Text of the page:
Antwerp-based Jette Clover discovered a love of quilts by accident and made it her career. Fibre Arts Take Two learned more about Jette’s life and career.
Jette’s Friday Feature Artist Interview can be found at the bottom of this page.
Jette Clover has a rich and diverse creative background, from a career in journalism, and studying art history to landing her dream job as a historian and curator at the Dutch Textile Museum.
Jette pioneered the art quilt movement in Europe through her job at the museum, which combined her love of writing, art, history and textiles by first curating the exhibition about American art quilts in 1991. Six years later, she organised the exhibition of European art quilts. It was a big success, with 49 juried quilts from 11 countries in connection with the opening, yet also organised a two-day symposium that was attended by 31 of the exhibitors, and the beginning of the European art quilt community was laid. Jette has exhibited widely in the USA, Europe, Asia and Australia.
She is also a sought-after teacher for surface design and mixed media workshops. Jette was born and raised in Copenhagen, Denmark, but she’s lived and worked for many years in the USA in the Netherlands. Since 2005. Jette joined Fibre Arts take Two from her newest home in Antwerp, Belgium, to talk about her life in quilts.
Before she discovered quilting, writing was Jette’s art, “As a child,” says Jette, “I was drawing a lot and writing a lot. I didn’t really dare to go to art school, so I became a journalist. Then I started writing a lot about art, so it was almost like a combination.”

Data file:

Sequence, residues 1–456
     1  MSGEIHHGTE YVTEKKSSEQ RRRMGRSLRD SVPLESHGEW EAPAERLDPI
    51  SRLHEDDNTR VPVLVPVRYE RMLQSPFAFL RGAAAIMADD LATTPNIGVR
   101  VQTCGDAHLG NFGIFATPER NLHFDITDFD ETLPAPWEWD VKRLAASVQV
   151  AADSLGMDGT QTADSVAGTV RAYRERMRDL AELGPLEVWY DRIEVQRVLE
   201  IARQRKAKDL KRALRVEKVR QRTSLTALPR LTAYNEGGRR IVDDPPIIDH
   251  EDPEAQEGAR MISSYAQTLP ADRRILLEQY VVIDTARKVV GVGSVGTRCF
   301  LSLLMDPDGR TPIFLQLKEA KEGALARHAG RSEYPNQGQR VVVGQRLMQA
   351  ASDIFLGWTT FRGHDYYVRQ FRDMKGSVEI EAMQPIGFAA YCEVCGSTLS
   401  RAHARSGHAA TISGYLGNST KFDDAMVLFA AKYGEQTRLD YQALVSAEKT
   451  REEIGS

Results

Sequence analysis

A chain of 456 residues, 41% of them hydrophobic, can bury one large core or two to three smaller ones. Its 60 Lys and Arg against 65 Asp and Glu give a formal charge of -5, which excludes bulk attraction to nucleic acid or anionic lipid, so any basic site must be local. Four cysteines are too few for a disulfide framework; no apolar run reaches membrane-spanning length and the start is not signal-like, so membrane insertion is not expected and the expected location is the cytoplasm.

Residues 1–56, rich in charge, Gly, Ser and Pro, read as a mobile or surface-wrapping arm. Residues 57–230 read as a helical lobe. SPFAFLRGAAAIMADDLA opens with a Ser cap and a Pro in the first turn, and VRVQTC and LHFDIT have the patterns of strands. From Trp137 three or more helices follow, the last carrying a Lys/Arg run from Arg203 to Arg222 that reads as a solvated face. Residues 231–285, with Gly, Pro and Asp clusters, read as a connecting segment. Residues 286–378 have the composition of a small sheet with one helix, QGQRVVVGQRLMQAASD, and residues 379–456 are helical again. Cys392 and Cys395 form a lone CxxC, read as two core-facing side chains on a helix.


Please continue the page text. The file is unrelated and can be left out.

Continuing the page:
Quilts were in Jette’s destiny, “The first time I came to America,” she says, “I saw an Amish quilt hanging on a clothesline at my husband’s hometown in Indiana, and it blew me away because it felt so Scandinavian. The colours were very similar to the colours of Scandinavian, the simplicity of the design was very similar. But that was their culture so I couldn’t do anything with it until we moved to California, and then I just started thinking more about it, not just patterns that you followed.”
In time, Jette found a way to make quilting her own and not feel that she was culturally appropriating, “I think old traditional quilts are beautiful” Jette says, “but it’s not for me. I’m not very precise, and it definitely would not excite me to get it right. I figure if you do it for your pleasure, you should have fun with it, and it should be nice. It shouldn’t be a punishment, or feeling failure, because you can’t be precise about it.”
Ultimately, quilts offered Jette the freedom she was looking for, “Little by little,” she says, “I just thought I’ve got to choose one thing to go into depth with it and the quilts; I can do everything with that I can paint, I can print, I can sculpt with it, we can make it three-dimensional. I can use photography. I can do some writing with it. And I didn’t have to feel I had to give up anything of it.